Take a “mobile first” and “progressive enhancement” plan of attack to the project. This ensures that you are addressing accessibility at the very beginning of your project. Plan out design and development with three main touchpoints: plain old semantic HTML (POSH), convenience factors, and interface individuality.

Build first with basic HTML, using what browsers and devices are natively built to handle. The keys to accessibility are already built into these platforms; you just need to go the short extra step to include them. Users on old technology or with spotty international internet connections will be empowered with your product’s use of default HTML actions. Including needless application pieces will weigh down the experience of those most in need of a light touch.

For your interactive JavaScript modules, attach convenience factors, such as keyboard controls, aural cues, etc. Asana’s web app is a wonderful example of keyboard controls in action. Convenience factors will enhance the experience for the power user who consistently uses your product and for the disabled who cannot effectively use a pointer device.

Interface individuality will help set your application apart from others in the same space. You should use accepted solutions shared among similar UX problems, but tweak these to fit your application and brand. Added animations and transitions will both offer a freshness to the interface and, if done conservatively, address a user’s attention and discern available action flow.

Remember to delight in the simple, only adding complexity and flourish as is warranted.

Security always matters

Trust is of utmost importance in life and on the web. Each security breach that happens to major players is trumpeted around the world, resulting in a loss of trust in that company. How many smaller security breaches do we miss? Security is part of the user experience; it instills trust in your product and trust in you.

Built-in security features of your framework and the internet may be all you need and definitely offer a great starting point. Use SSL and HTTPS to transmit sensitive data and use hashes to store it. If you’re using a framework or CMS, check their security features. If they’re lacking, move on.

When in doubt, offload it. Security readiness is tough; many jobs deal with it full-time. When in doubt, or for better peace of mind, look for 3rd-party solutions. Social media login systems are great to use, but remember to know your audience and what systems they are probably familiar with. Google has released an API for use with their two-factor authentication (2fa) system. Don’t attempt to create your own payment gateways use options like Stripe that have great secure support, or host your e-commerce portion on a third-party solution like Shopify.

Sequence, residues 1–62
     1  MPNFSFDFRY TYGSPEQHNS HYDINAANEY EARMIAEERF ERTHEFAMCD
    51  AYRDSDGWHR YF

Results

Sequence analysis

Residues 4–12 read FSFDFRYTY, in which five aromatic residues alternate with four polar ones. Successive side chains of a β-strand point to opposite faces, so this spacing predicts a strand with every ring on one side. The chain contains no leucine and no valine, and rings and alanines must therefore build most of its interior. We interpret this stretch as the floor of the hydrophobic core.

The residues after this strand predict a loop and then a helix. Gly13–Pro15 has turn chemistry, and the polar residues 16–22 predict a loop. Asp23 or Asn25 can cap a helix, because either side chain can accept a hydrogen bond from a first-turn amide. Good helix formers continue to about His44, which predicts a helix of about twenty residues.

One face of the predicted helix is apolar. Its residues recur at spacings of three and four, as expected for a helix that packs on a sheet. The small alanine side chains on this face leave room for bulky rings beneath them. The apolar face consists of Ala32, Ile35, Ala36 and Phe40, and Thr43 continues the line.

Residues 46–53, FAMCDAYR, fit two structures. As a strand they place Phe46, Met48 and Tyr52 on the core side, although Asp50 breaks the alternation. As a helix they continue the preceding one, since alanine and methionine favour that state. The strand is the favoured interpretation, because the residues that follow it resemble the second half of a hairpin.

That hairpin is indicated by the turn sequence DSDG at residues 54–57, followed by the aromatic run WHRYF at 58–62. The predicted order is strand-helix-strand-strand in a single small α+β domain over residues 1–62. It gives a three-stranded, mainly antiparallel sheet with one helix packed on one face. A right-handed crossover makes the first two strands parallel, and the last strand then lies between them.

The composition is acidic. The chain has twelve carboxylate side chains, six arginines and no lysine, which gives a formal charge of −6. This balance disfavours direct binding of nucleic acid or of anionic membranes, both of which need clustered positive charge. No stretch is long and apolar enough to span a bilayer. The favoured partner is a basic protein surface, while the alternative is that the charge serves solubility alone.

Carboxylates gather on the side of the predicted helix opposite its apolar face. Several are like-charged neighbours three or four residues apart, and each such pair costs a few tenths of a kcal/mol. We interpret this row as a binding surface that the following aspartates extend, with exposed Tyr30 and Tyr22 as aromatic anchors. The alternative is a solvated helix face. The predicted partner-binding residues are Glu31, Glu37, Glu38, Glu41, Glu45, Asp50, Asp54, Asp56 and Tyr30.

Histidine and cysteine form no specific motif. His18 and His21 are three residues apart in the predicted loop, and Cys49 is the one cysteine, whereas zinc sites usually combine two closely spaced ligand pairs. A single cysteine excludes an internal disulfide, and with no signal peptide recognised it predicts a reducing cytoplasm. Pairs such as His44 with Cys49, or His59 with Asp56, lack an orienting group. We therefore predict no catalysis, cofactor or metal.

Pay attention. News organizations and technology blogs are a saving grace and will alert you to the latest threats to the security of your app. Reports on the 2014 Heartbleed vulnerability were quick to publish as well as to inform you on how to combat the issue. Keep your ear to the ground so that there are no big surprises. A loss of security and trust can inflict the most damage to the user experience, and this is something from which its very hard to recover.

Takeaways

Performance, accessibility, and security are UX too. We don’t always think about these unseen pieces as helping to build a full user experience. When they fail, they gain undesirable user attention and deter from the user experience, sometimes with harmful effects that last well beyond the user’s initial perceptions. Solidify your product’s success by incorporating performance, accessibility, and security in your UX project flow.


  1. Progressively enhance the mobile experience within its technological constraints. This should remain a given.
  2. Google, Facebook, Twitter, etc. all have great login systems that you can use for your own product.